[Black] 4 H Club boys selling sweet potato plants, Jefferson County, Florida (Photograph S-18360)
In Florida, two Cooperative Extension Services were created – one at the University of Florida and a second at Florida Agricultural and Mechanical University (FAMU). FAMU was one of the earliest Historically Black Colleges and Universities (HBCU). It was established in 1890 by the second Morrill Act to serve the African American community. Today UF and FAMU Cooperative Extension Service collaborate to meet the agricultural needs of Florida’s diverse farming communities. The second Morrill Act of 1890 addressed racial inequality by establishing 17 new land grant colleges to serve the higher education needs of the African American population in the south. This exhibit celebrates the contribution made by African American extension agents throughout Florida.
A. A. Turner was the first African American Extension Agent in Florida. He supervised farm and home demonstration agents from 1917-1929. In one year he reported traveling over 13,101 miles to make over 650 field visits. Turner was a great inspiration to the youth and established the precursor to 4-H Clubs in the African American community. Thomas M. Campbell was the first African American Cooperative Demonstration Agent supported through Tuskegee Institute, U.S. Department of Agriculture, and General Education Board.
Florida Home Extension Agents - [Black], A.A. Turner third from left

[Black] Extension Agents and club members: C.W. Lindsey, H.H. Williams, J.W. Keller, Mrs. Jennings, A.A. Turner, S.L. Turner, D.H. Finlayson, O.L. Smith, C.T. Evans, Althea Ayer, M.A. Caldwell, R.C. Gilmore, H.S. Jackson, W.B. Young, Idella Kelley, J.W. Bowles, M.E. Groover, Wm. P. Stockton, L.F.A., J.E. Granberry, E.S. Belvin, James Williams, c. 1920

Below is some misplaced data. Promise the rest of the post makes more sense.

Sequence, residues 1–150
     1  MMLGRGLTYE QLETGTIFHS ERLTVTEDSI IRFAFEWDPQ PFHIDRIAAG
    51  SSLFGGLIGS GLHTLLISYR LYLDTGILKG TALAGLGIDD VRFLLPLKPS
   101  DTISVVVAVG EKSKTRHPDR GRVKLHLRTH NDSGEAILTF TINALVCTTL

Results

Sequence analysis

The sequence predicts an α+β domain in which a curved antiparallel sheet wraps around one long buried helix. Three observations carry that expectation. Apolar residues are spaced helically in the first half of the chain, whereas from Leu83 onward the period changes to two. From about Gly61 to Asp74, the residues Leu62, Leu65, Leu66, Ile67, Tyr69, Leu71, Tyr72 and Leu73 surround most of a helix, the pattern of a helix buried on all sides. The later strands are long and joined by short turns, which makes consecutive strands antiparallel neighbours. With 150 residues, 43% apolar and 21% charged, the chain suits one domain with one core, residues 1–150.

Negro Extension and Home Demonstration Agents, 1929
[Black] Farmers with Pigs Chas Murrell… [and family] has 100 N.H. Reds hens which lay eggs to be hatched into fryers and broilers. Blood tested, Duval County, Florida (Photograph S-6824), 1940

Canning Center at the Black Y.W.C.A. in Jacksonville, Florida

Ethel Powell, Duval County Extension Agent, offered awards to encourage use of the county canning center. Four months after opening in 1943, 4,484 containers of fruits and vegetables from victory gardens were canned.

“… historically black colleges and universities are ideally suited to deliver 'excellence with care' to the people who need it most.” -- F. S. Humphries, President, Florida A&M University
M. E. Groover instructing club boys in machinery, Jefferson County, Florida
[Black] 4-H Club girls learning dressmaking under direction of [Black] Home Demonstration Agent at Rochelle, Florida (Photograph S-18396)
 This online exhibit is based on the exhibit of the same name that was presented University of Florida George A. Smathers Libraries, April 22 - June 3, 2016. All items are from the University Archives, Special & Area Studies Collections, University of Florida unless noted otherwise. Curated by Melody Royster with assistance from Peggy McBride | Online design by Elizabeth A. Bouton